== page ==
June 9, 2015|In Athens, Europe, Europe Guide, Greece|By paraphernalia.coShare This
Athens! How much fun can 2 people have? The Baron is on annual leave, so we are having a Greek adventure and it begins in the cab from the airport. Our driver is concerned we haven’t planned our stay well, only booking accommodation for 2 nights.
Table of Contents hide Athens! How much fun can 2 people have? The Baron is on annual leave, so we are having a Greek adventure and it begins in the cab from the airport. Our driver is concerned we haven’t planned our stay well, only booking accommodation for 2 nights. We chat about Athens and Santorini and he hopes we will visit Mykonos. When we seem open to that idea, he calls his friend on Mykonos to arrange our accommodation and check the best places to #eat, #drink #explore & #shop. He leaves contact details and wishes us an enjoyable stay. This is our first of many experiences of Greek hospitality.
We chat about Athens and Santorini and he hopes we will visit Mykonos. When we seem open to that idea, he calls his friend on Mykonos to arrange our accommodation and check the best places to #eat, #drink #explore & #shop. He leaves contact details and wishes us an enjoyable stay. This is our first of many experiences of Greek hospitality.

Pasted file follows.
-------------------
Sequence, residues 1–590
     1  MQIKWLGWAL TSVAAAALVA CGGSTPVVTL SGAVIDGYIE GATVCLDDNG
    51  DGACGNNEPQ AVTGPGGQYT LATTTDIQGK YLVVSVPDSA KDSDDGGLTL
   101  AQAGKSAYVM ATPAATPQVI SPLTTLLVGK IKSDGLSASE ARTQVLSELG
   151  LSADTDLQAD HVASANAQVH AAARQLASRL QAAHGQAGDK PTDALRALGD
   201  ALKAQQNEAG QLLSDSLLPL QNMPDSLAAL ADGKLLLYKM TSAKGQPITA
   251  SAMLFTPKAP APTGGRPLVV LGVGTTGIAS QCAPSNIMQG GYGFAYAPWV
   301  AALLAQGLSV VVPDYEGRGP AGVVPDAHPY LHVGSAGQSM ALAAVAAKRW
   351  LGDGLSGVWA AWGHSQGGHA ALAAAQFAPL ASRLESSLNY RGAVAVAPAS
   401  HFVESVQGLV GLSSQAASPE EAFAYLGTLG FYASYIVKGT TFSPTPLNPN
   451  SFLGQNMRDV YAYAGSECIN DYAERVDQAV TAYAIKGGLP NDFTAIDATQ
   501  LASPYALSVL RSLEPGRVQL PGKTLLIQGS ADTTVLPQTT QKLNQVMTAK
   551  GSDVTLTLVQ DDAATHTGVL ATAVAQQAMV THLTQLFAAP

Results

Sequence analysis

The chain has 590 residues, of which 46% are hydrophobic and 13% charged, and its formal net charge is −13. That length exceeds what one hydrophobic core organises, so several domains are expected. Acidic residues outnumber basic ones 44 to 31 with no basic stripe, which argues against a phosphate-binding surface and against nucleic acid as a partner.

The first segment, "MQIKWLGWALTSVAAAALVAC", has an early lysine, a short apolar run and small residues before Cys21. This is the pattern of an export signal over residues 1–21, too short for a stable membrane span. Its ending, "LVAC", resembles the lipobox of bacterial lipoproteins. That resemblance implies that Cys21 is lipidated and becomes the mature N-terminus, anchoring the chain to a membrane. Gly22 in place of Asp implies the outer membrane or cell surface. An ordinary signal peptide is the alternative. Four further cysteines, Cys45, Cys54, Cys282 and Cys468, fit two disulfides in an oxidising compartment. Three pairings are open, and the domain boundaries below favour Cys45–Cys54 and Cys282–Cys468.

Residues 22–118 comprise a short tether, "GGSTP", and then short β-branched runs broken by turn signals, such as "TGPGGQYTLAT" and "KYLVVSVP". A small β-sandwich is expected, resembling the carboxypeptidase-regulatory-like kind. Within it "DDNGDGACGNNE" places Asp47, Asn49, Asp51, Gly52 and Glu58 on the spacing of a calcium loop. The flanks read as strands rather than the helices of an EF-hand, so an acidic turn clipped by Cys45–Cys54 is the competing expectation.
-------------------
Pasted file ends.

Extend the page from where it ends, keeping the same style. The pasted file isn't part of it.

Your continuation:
Our hotel is in Plaka, famous for its 19th-century bohemians, and one of the oldest areas in Athens. The Emporikon Athens Hotel reopened in 2015 after more than 50 years of abandonment. The 5 storey Art Nouveau and Neo Classical building has been lovingly restored. The hotel can not be reached by car, so the hotel manager is waiting for us on the street corner to guide us.
Rolling our bag 20 metres or so through the cobbled square past drinkers and diners, the Acropolis perched behind us on the hill, we know we’ve chosen the right base. On arrival, we are given a choice of room style. Our room selected, settled and ready to explore, we take a minute to admire the view. Superb!
You may find this a little odd parpahernalians: while Athens is completely new to us it seems rather familiar. We recognise similarities in the sky and the light to Australia. The eucalypts dotted through the cyprus remind us of Aus. and the textile district on the other side of the square has a distinct “Surry Hills of old” vibe.
It is here we find a family run taverna to drink in the atmosphere, hospitality and ouzo of Athens alongside our mezzes.
Checking out the neighbourhood on foot, ancient ruins are part of the streetscape. Orthodox church bells toll every half hour, the devout cross themselves as they pass. Tree-lined plazas encourage al fresco dining. Abandoned buildings provide a canvas for street artists. Bright new retail stores invite you in promising price reductions.
For a comprehensive recce of this historical area the hop-on hop-off “Happy Train” stops at 10 or so locations. The gates to the Acropolis, Hadrian’s Arch and the New Acropolis Museum to name a few. The full circuit takes an hour.
Greek food; we love it and naturally we find plenty! Plaza Agias Irinis is lined with many restaurants and bars. If they are open then booze is available, but perhaps not breakfast.